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The Iron Lady (2011)
Meryl Streep wrinkled up for the Iron Lady
"For the first time in the History of the Western World, a woman came to power as a government leader."
"The Iron Lady" shows us most of the personal and historical facts (all the important ones), that lead up to the historical breakthrough mentioned above, and outlined in the movie itself.
Loaded to the brim with real contemporary news footage, The Iron Lady immerses you in the spirit of the 80's, when Margaret Thatcher became Prime-Minister of Great Britain.
You may or not agree with her political views, but in the context of the times, when tough government decisions had to be made, Thatcher comes through as a courageous woman, like indeed few men in her position would have been, and "The Iron Lady" turns out to be a Lesson in International Relations, as well.
I personally disagree with many of her policies and disagreed at the time, when they were on my daily news platter, yet I can't help but totally agree with one, I set forth as an example: you cannot negotiate or back down, when you are at a terrorist's gunpoint, no matter what the cost the total costs in the long run, would always be much greater, otherwise.
In one scene of "The Iron Lady" the American President tries to dissuade Thatcher from making such a big deal out of some tiny islands (The Falklands), lost thousands of miles away overseas... "Yes, just like Hawaii...!", Margaret replies, followed by total and awkward silence...
Political History aside, "The Iron Lady" is a voyage through the personal thoughts ("not feelings, there's too many feelings") of a wrinkled up, Alzheimer stricken, hallucinating, frail old woman, who in her prime-time did well deserve the epitome of "iron Lady" - branded by the Russian ruler, if I remember correctly my own time-lived impressions. "We may be behind an iron curtain, but we are up against an iron Lady!", Gorbatchev was quoted as having said.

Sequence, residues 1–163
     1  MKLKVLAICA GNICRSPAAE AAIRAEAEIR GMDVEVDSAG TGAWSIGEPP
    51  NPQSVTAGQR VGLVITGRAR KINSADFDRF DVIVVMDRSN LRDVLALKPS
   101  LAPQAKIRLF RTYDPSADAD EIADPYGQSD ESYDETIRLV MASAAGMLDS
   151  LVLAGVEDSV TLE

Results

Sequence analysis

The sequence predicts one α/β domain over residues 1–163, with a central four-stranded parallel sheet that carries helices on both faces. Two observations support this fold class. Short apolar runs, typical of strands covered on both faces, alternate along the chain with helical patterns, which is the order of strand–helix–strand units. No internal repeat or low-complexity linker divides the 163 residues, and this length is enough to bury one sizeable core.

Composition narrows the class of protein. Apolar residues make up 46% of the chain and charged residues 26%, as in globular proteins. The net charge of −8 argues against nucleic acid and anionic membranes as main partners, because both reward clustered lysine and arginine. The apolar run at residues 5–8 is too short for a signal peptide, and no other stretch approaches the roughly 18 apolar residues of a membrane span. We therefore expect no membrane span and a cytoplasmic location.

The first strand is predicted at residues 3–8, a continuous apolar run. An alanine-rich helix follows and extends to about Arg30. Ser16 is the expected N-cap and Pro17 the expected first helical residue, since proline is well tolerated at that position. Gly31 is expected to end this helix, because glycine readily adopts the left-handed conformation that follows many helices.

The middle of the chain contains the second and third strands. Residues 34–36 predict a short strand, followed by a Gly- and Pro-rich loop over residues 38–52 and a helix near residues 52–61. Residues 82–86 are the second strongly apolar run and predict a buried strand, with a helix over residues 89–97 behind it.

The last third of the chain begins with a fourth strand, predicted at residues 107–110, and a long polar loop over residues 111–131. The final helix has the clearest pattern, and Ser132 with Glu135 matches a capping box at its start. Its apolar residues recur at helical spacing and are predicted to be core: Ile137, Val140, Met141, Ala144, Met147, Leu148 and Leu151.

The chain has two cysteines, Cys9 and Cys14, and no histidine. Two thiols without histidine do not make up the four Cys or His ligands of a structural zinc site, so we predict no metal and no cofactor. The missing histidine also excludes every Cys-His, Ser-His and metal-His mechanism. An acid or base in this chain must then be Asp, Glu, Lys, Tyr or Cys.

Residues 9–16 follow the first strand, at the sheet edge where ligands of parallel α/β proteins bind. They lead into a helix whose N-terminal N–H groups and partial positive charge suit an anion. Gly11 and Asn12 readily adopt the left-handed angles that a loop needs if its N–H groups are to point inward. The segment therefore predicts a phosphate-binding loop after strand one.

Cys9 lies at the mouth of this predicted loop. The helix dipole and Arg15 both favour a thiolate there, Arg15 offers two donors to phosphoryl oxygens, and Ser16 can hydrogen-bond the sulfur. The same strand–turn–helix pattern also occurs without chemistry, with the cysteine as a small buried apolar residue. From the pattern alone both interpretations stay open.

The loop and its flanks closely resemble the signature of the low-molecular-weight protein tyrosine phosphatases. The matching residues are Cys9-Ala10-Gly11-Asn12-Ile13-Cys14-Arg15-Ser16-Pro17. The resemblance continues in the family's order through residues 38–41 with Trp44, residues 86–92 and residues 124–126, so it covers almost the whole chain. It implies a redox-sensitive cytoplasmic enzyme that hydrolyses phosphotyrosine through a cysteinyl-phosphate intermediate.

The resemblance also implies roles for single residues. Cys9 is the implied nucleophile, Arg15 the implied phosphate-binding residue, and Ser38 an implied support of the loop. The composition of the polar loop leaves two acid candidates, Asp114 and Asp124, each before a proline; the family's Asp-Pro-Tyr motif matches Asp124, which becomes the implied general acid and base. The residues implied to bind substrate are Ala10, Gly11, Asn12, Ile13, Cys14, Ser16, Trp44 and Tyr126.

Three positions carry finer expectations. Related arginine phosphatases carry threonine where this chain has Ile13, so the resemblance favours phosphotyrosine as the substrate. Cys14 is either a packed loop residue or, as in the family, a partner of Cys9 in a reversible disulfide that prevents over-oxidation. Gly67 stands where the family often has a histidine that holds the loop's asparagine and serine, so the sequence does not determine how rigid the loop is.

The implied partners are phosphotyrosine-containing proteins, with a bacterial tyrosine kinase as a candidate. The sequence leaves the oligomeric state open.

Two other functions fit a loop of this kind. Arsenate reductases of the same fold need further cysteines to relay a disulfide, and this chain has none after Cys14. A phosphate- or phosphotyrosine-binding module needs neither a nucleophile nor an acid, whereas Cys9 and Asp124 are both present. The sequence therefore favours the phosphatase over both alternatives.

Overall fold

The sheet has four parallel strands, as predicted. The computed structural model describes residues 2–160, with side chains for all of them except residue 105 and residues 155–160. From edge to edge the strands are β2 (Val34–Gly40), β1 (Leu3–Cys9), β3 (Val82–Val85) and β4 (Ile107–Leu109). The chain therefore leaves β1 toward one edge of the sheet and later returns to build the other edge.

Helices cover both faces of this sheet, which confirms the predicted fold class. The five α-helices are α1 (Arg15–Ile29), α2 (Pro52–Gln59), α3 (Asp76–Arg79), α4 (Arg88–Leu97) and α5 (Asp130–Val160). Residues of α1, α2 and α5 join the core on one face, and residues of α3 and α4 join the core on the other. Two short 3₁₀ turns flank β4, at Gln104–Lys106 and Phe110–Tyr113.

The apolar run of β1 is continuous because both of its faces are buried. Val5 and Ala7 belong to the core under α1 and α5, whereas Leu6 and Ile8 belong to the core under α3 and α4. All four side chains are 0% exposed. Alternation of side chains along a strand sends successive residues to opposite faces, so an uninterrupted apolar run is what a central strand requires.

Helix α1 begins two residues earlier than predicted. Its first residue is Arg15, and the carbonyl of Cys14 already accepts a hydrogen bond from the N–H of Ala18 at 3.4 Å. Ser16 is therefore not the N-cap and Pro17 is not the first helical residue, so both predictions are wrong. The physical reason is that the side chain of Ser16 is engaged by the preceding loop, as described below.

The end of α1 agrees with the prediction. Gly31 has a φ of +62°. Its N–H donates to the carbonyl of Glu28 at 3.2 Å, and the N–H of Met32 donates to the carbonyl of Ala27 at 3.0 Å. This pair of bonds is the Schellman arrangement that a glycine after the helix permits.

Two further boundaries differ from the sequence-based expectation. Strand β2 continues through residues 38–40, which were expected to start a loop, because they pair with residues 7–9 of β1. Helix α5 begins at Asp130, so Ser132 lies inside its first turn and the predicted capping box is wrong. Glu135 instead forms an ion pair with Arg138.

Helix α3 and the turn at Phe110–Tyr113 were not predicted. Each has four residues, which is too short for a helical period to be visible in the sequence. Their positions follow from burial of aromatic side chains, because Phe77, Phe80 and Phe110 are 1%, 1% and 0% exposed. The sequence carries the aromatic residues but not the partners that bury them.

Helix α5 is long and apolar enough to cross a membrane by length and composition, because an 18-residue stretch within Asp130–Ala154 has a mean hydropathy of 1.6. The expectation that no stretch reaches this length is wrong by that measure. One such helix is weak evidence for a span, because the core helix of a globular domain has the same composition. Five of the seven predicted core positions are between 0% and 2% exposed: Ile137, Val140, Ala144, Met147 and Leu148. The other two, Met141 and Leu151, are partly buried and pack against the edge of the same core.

However, and above all, the main lesson that comes out of The Iron Lady, is in Meryl Streep's astonishing playact work, bordering on genius, making you forget it's her we're seeing, the brilliant make-up, the cinematography and the way the story is told, in a flashback composition that takes a while for the spectator to settle into, but soon becomes apparent and clear.
Thatcher is presently suffering from psychological disability that takes her into seeing and hearing her deceased husband ("Dennis, you are dead!" "Then who are you talking to?"), and re-living every high-lighted moment of her life since before her career began, as a socially stigmatized "shopkeeper's daughter" on the day she got news of her admittance to Oxford University. That's how the story begins
In short, "The Iron Lady" is a voyage in time and a prime work of Art, having snatched the Oscars for Best leading Actress and Best Make-up, for what may very well be, although the year is young, the movie of the year.
Well done, Meryl!